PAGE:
Lindsay Ford

Lindsay Ford

Digital Strategist

SEMPO Session Recap: Art Meets Insight

Couldn’t make it to Catalyst’s SEMPO breakfast event? No problem! Today we’re recapping Paul Shapiro’s very helpful data visualization session. We’ll summarize his actionable tips for using compelling visuals to illuminate data insights and trends.

What is Data Visualization and Why Should You Care?

Shapiro began his session by defining data visualization. For marketers, data visualization refers to visual representations of abstract data. In other words, data visualization helps our brains process and understand information.

So as a marketer, why should you care about data visualization? Is it really worth the time and effort? The answer is a resounding YES. As mentioned above, data visualization isn’t just a pretty way to present numbers, it actually helps the human brain make better sense of that data, and can help you uncover insights that you might not have noticed otherwise. Our brains are also really good at remembering pictures, so visualizing information can help us remember information much more effectively than if we only hear information or see a spreadsheet full of numbers.

Paul Shapiro - Data Visualization Presentation

The Two Types of Data Visualization

Shapiro explained that there are two main types of data visualization. If you’re trying to unlock the story behind your data, using data visualization for discovery can reveal what all those digits are trying to say. Visualizations created for discovery will typically show more data initially, and then can be analyzed and refined using Schneiderman’s Mantra:

  • Overview
  • Zoom and Filter
  • Details On Demand

For example, initially you may start off by looking at a full set of data, like trends in searches for specific topics over a one-year period. Then, you can drill down further where you notice trends, for example by shortening the length of time you’re looking at and filtering the lists of topics or data points. And finally, you can highlight details in your visual to help them stand out, for example through labeling or otherwise highlighting key data points.

If you already know the story you’re trying to tell with your data, you’ll want to take a different approach. In this case, the visual that tells the best story will depend on what type of data you’re dealing with.

Some examples of data types visualizations can help with:

  • Comparison: Compare magnitudes
  • Relationship: Show correlations, outliers, and clusters
  • Distribution: How values are distributed along an axis
  • Composition: How parts of a whole related to each other

Creating the Optimal Visualization

Shapiro explained that many people stop after their first attempt at creating a visualization, even if it might not be ideal. So once you make a first attempt at creating a visualization, don’t be afraid to try out multiple kinds of visuals to represent the same data set. If your first attempt seems like it might not be ideal, you may find a different type of visualization shows the story your data is telling much more effectively. And once you settle on the type of visualization you want to use, don’t forget to revise it using pre-attentive attributes (like color and size) to make it even more compelling.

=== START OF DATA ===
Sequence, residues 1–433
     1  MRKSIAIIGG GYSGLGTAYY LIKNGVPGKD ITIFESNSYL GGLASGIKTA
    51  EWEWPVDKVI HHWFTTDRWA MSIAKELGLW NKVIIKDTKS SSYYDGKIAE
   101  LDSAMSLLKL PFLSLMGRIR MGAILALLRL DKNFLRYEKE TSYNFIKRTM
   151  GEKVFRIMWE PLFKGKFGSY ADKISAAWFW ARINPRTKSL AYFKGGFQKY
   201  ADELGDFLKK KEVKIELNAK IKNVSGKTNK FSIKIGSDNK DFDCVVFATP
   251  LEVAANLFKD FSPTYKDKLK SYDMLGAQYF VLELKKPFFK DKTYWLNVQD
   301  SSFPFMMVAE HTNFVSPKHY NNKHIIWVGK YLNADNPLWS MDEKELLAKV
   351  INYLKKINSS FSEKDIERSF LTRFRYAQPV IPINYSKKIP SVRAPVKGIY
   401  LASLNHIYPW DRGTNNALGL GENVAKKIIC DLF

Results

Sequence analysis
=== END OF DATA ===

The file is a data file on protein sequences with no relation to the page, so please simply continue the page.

Other Data Visualization Rules & Tips

What are some rules of thumb for data visualization? Shapiro provided the below tips and tricks for the most impactful visuals:

Don’t Clutter Up Your Visualization: Avoid any unnecessary lines, colors, pattern fills, and chart data, essentially anything that isn’t necessary to help tell your data’s story.

Use a Color Blind Friendly Palate: 8% of men and 0.5% of women are color blind. Use a color palate that works for everyone, and remember that someone in your audience may not be able to fully understand your visualization if you don’t.

Show Upward Sloping Graphs When Possible: Research has demonstrated that upward sloping graphs are perceived more positively.

Use the Right Data Scale: When creating bar charts, start your scale at zero and end a little above the highest value with a round number.

Choose Chart Types Appropriately: The type of visual you use depends on your story and the type of data being analyzed. For example, bar charts are great for emphasizing and comparing individual values, while line graphs are helpful for analyzing patterns and exceptions, and heat maps are helpful for analyzing cyclical patterns and exceptions.

Remember Specific Visualizations Helpful for Search: Network graphs are great for visualizing site architecture, Venn diagrams can help visualize overlapping keywords between clients and competitors, word clouds help visualize social-keyword research, and bubble charts help visualize keyword volume and competition by theme.

Use the Cleveland & McGill Hierarchy: This will help your visualization be as accurate as possible.

Cleveland & McGill

In Conclusion

Creating the ideal data visualization isn’t quick or easy. However, leveraging these basic data visualization principles and Shapiro’s helpful tips can help you create better, more compelling visuals to drive insights and actions.

Be sure to check out the full deck:

 

Related Posts